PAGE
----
The shortage of affordable finance options for small and medium-sized enterprises (SMEs) in the UK has received widespread attention, and rightly so. The data trends are especially disturbing given the importance of small business sustainability and growth to the nation’s economy.
What has received less attention perhaps is a solution that is readily available to narrow the funding gap – asset-based financing models. The UK finance industry should move away from credit scoring models toward asset-based financing models to expand funding for smaller businesses.
Defining the gap
The Federation of Small Businesses (FSB) in May reported that small business credit approvals had fallen to a 30-month low. Only 60% of small firms that applied for credit were successful and just 25% of firms surveyed considered credit affordable, down from 30% during the same time frame last year.
“Almost two thirds (63%) of small firms successfully applying for credit are being offered interest rates of over 4%,” FSB also noted. The group estimates that 79% of small businesses that are applying for financing are pursuing traditional bank loans or overdraft facilities.
The SME funding gap not only is a finance industry challenge, it is also a critical economic and political concern. An estimated 99.9% of private sector UK companies are categorized as small or medium-sized enterprises and they are responsible for 60% of all private sector employment, according to the UK Department for Business, Energy & Industrial Strategy.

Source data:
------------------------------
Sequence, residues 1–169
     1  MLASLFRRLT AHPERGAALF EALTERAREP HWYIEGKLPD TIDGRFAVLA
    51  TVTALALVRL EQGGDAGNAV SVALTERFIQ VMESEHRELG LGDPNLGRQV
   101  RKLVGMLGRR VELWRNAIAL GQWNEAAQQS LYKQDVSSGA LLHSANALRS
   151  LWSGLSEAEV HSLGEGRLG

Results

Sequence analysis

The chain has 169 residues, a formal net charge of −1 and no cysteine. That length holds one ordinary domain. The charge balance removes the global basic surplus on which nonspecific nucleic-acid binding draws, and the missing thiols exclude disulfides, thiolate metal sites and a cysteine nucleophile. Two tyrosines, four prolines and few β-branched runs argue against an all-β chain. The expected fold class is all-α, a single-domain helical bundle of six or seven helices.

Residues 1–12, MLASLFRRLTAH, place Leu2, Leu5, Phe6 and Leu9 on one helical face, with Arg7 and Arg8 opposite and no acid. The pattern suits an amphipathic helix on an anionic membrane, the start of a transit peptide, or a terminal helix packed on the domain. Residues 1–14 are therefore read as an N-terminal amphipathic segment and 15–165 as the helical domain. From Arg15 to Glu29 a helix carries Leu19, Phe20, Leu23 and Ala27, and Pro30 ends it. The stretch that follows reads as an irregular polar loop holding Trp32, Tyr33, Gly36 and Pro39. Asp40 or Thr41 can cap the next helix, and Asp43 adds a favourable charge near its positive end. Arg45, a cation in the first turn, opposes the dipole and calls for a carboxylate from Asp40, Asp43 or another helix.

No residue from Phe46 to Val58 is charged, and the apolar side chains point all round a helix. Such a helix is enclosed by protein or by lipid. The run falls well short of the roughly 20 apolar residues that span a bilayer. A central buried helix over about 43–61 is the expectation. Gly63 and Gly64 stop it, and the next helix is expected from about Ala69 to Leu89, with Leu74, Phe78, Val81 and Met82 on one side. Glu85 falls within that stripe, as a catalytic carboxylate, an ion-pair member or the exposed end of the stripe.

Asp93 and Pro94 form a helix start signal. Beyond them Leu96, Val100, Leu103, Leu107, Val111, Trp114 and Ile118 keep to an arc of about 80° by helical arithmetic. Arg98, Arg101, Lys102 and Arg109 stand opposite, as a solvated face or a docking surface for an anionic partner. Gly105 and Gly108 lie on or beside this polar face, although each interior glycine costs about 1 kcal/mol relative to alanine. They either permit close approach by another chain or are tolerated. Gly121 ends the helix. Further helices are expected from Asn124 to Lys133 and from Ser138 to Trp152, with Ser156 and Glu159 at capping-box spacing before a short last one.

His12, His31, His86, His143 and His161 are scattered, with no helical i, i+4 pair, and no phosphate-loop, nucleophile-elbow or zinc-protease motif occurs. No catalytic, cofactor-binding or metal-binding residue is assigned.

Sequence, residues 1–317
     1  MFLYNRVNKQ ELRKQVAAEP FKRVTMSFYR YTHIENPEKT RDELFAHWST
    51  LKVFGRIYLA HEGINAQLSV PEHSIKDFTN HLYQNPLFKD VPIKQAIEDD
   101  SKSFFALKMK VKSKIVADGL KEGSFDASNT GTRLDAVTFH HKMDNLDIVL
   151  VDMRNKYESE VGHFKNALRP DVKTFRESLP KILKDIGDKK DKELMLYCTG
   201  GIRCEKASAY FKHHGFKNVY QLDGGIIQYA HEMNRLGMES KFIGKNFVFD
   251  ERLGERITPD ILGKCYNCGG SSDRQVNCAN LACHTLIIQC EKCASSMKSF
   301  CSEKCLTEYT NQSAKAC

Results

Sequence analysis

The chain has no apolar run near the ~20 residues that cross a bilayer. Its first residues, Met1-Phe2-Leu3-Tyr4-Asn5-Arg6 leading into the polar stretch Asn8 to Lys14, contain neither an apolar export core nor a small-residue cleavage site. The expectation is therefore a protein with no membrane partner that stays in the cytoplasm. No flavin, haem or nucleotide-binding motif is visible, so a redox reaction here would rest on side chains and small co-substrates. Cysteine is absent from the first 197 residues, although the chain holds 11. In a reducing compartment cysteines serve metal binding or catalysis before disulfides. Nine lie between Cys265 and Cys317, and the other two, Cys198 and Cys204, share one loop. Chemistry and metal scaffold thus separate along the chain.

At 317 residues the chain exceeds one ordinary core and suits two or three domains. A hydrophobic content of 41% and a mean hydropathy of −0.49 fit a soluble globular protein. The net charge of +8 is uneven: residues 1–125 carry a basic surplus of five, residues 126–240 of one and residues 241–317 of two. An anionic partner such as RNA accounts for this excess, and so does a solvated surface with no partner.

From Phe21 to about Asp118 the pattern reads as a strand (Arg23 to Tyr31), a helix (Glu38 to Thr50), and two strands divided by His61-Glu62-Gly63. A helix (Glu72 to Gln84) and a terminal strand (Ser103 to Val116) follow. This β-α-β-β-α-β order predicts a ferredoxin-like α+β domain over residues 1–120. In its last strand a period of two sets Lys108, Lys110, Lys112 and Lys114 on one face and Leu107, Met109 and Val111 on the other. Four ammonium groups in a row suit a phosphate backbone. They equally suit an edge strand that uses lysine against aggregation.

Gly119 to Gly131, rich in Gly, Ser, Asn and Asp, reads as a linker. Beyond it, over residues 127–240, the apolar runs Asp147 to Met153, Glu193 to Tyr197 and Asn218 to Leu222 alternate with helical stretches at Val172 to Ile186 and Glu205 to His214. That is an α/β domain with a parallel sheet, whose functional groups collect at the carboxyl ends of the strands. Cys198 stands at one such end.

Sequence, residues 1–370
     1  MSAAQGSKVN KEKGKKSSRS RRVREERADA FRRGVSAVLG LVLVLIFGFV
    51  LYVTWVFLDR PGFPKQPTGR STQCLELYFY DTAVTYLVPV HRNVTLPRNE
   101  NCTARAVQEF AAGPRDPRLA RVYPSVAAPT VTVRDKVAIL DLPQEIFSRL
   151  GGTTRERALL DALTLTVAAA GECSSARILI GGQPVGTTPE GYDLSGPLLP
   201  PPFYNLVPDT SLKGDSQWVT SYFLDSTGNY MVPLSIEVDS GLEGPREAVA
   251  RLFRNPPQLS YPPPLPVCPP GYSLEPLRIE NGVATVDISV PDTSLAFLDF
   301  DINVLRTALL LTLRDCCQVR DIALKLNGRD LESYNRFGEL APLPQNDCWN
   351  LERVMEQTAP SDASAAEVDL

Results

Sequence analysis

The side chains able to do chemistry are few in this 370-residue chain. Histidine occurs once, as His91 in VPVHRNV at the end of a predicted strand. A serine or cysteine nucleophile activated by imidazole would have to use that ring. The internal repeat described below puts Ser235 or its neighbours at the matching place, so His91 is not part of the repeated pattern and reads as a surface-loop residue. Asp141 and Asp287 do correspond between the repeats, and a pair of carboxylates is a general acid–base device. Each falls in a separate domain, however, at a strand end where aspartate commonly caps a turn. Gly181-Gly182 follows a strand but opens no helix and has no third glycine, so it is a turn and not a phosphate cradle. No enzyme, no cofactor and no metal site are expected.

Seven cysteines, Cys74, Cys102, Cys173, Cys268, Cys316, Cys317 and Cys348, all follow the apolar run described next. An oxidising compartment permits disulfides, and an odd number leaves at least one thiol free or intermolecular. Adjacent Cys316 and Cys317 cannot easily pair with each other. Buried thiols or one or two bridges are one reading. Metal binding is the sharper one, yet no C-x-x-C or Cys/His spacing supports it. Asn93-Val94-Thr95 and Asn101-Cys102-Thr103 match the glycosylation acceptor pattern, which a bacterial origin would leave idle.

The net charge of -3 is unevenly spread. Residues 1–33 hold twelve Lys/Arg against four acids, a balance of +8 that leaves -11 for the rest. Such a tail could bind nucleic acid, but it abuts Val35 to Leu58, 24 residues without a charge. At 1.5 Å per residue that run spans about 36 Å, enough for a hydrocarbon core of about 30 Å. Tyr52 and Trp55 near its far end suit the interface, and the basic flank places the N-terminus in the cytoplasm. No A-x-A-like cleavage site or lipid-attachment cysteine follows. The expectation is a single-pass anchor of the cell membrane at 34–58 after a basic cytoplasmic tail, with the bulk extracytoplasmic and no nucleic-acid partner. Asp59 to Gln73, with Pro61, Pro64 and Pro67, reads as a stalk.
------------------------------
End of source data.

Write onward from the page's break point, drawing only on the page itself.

Funding concerns may affect family-run SMEs the most. An IFB Research Foundation study prepared by Oxford Economics reported that family-run small and medium-sized businesses were less likely than their peers to apply for financing and slightly more likely to have an application rejected. About 10% of businesses had not applied for external financing despite indicating a need for it, “discouraged by the additional risk, potential cost and associated time burden of applying for and obtaining finance, and by the belief that they might be rejected by potential lenders,” according to the 2017 report.
The report estimated that 74.5% of private sector firms with 1-9 employees, 59% with 10-49 employees and 47.2% with 50-249 employees in the UK are family run.
Credit scoring vs asset-based models
One major reason for the SME funding gap is an overemphasis on credit scoring in the finance industry. The big banks, in fact, have largely moved out of the SME funding space because many small business owners do not fit into the banks’ credit profiling.
Real-life examples abound of the shortcomings of credit scoring based financing models in making small business lending decisions. A typical scenario: a small business with demonstrated success and cash flow potential is denied financing because its owner has experienced personal financial difficulties, such as a divorce and mortgage default, that are considered major credit issues affecting the lending decision.
However, credit scoring alone is an inadequate means of evaluating the potential of a small business to repay its financial obligations. This is because capital formation is not as predictable in the SME sector as credit scoring would seem to indicate.
Instead, valuation of the equipment that the financing is tied to is a better indicator, as it considers the company’s ability to generate cash flow rather than past record. In asset-based finance models, loan or lease contracts are based primarily on asset usage or equipment pledged as collateral. The lender then has the ability to sell the assets if necessary to recover losses.
The finance industry should move toward a model of leveraging the underlying value of the equipment asset as well as the business asset. This is a better predictor than credit scoring of a company’s ability to generate cashflow and therefore pay down financing or maintain leasing.
Asset finance growth